The 20-team league suspended play March 13 with 92 matches yet to be played, and the league still has a number of issues to work out between its teams before it can return. One of the areas of contention is where the games will be played: Some have suggested neutral-site venues so that supporters do not show up outside stadiums, but others — mainly teams at the bottom of the standings that are fighting to remain in the financially lucrative first division — have criticized the idea as unfair.
“If we start and finish a whole season under these conditions and at neutral venues when everybody knows the rules when we start, not created in a time of crisis, then that is clearly fair,” Scott Duxbury, chairman and chief executive of 17th-place Watford, wrote in the London Times on Sunday. “To be asked to finish a quarter of the season under new rules and conditions is an entirely different proposition. How can the long-term future of clubs be determined under these fundamentally changed conditions? How is there any semblance of fairness? To wave aside all the fears and concerns is too simplistic. Surely all 20 clubs must agree the fairest way forward to complete the season?”
Said Paul Barber, chief executive of 15th-place Brighton: “We’ve got some of the best stadiums in the world, some of the best-run football clubs in the world, one of the best leagues in the world with great administrators. Why can’t we make it happen in our country and finish the season the way it started? In terms of the operational, commercial, health and safety [challenges], I think we can manage ourselves.”
The bottom three teams in the Premier League each season are relegated to the second-tier Championship, and the financial impact is harsh. In 2018, Deloitte Sports Business Group estimated that relegated teams see revenue drop by more than $60 million. Brighton is only two points clear of the relegation zone, while Watford and 18th-place Bournemouth are tied in standings points, with the former earning the tiebreaker because of a better goal differential.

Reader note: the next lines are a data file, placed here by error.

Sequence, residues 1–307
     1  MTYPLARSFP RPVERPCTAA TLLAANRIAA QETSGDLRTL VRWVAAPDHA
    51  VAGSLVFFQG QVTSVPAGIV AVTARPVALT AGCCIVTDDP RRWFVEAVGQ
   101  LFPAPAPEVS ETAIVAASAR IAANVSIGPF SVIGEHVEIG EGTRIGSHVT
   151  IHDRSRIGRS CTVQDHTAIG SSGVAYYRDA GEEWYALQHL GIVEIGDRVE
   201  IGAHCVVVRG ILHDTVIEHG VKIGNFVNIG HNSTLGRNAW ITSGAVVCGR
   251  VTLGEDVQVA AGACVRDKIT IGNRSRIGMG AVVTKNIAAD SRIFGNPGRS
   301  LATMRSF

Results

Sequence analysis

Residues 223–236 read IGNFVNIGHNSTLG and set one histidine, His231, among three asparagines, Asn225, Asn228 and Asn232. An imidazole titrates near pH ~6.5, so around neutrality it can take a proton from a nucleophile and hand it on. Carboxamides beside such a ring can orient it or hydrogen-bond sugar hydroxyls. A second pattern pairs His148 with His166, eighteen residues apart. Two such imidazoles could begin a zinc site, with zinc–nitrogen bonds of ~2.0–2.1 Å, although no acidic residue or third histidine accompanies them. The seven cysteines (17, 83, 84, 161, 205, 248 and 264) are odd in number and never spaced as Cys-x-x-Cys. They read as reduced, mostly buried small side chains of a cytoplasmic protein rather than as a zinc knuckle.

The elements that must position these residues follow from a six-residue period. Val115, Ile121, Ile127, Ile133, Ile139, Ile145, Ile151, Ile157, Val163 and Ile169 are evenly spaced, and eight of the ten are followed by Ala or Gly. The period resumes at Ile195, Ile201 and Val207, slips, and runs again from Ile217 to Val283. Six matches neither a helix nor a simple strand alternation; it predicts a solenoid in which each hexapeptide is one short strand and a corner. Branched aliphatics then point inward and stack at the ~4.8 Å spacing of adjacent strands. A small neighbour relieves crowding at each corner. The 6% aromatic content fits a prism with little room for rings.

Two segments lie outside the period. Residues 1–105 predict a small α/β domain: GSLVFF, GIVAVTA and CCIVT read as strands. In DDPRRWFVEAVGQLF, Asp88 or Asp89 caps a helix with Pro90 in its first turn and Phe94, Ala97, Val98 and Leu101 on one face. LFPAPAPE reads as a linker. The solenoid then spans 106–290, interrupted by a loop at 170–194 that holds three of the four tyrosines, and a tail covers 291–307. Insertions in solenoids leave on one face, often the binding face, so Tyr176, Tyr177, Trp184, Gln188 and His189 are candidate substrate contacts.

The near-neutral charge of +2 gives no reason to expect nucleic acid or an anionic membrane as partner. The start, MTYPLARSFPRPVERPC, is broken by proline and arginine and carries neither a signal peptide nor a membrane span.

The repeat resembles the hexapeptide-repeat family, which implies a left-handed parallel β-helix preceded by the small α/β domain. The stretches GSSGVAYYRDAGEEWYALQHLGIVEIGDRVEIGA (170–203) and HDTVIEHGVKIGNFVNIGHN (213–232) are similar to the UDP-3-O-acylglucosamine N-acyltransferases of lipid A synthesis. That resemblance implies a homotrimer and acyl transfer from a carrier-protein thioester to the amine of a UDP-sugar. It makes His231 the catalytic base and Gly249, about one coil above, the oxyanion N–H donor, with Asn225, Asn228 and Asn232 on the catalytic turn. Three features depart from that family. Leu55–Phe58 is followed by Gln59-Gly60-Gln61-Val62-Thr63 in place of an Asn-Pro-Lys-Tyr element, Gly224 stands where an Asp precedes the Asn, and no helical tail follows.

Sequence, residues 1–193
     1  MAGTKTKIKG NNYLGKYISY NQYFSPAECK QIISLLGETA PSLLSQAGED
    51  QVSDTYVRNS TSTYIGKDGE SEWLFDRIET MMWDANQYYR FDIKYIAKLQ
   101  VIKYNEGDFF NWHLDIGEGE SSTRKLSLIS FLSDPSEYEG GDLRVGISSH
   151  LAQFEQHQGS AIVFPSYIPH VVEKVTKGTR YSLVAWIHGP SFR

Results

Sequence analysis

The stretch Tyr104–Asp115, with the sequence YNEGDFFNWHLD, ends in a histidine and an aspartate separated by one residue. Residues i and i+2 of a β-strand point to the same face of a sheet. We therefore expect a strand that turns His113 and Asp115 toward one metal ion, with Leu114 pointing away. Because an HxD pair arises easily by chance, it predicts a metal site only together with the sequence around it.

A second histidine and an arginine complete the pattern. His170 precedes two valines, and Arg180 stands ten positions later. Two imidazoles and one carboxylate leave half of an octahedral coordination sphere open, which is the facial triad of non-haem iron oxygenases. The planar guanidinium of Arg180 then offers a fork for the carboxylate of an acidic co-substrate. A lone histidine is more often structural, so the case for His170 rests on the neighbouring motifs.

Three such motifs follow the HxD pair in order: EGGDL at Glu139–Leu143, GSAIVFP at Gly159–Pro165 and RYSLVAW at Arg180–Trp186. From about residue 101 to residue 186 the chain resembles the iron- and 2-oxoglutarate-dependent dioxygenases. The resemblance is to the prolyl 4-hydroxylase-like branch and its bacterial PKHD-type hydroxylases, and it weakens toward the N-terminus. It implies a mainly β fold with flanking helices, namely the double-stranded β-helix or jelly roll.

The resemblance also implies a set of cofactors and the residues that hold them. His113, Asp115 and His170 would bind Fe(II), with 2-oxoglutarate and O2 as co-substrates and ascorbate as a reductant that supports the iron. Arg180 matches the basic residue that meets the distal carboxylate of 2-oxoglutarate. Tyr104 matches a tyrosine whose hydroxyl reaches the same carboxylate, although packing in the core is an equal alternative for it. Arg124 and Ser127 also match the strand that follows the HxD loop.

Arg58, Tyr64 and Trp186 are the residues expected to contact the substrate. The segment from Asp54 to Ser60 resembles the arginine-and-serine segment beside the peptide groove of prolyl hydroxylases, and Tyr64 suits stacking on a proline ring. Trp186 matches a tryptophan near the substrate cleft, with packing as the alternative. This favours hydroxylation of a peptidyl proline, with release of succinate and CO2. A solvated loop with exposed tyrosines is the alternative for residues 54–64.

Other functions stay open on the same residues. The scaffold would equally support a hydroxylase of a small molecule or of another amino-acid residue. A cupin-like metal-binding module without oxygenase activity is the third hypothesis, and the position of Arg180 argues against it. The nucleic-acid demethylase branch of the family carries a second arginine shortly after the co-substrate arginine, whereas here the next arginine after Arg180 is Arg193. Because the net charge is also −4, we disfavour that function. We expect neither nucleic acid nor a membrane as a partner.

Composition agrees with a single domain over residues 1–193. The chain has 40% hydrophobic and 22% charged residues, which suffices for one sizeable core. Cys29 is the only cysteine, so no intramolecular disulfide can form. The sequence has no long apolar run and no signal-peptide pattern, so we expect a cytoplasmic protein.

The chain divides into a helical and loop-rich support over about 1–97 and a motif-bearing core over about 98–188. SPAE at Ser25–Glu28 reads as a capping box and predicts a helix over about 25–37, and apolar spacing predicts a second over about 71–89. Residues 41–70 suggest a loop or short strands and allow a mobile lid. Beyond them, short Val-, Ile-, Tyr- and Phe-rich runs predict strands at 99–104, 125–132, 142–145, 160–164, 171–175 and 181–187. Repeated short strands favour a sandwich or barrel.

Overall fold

During a conference call Monday, clubs also acknowledged the possibility of cutting short the season.
“It was the first time we discussed curtailment,” Premier League chief executive Richard Masters said, according to the Associated Press. “It’s still our aim to finish the season, but it’s important to discuss all the options with our clubs.”
Premier League players have been allowed to work out at team facilities over the past few weeks. On Saturday, Brighton announced a third player had tested positive for the coronavirus and was self-isolating.
UEFA, European soccer’s governing body, has established a May 25 deadline for its leagues to reveal their return plans. Last week, the German government gave the Bundesliga the go-ahead to return, and the first games will be played this weekend. On Monday, the president of Spain’s La Liga announced games hopefully will resume June 12, with the goal of finishing the season by the end of July. Leagues in France, the Netherlands and Belgium have canceled the rest of their seasons.
Britain has been hit particularly hard by the pandemic, with more deaths than any other European nation and the second most globally behind the United States. But Sunday, Prime Minister Boris Johnson — himself a covid-19 survivor — announced what he dubbed the “first careful steps” to soften restrictions.
When play was halted, Liverpool held a commanding 25-point lead at the top of the standings and was on the verge of securing its first English league title since 1990.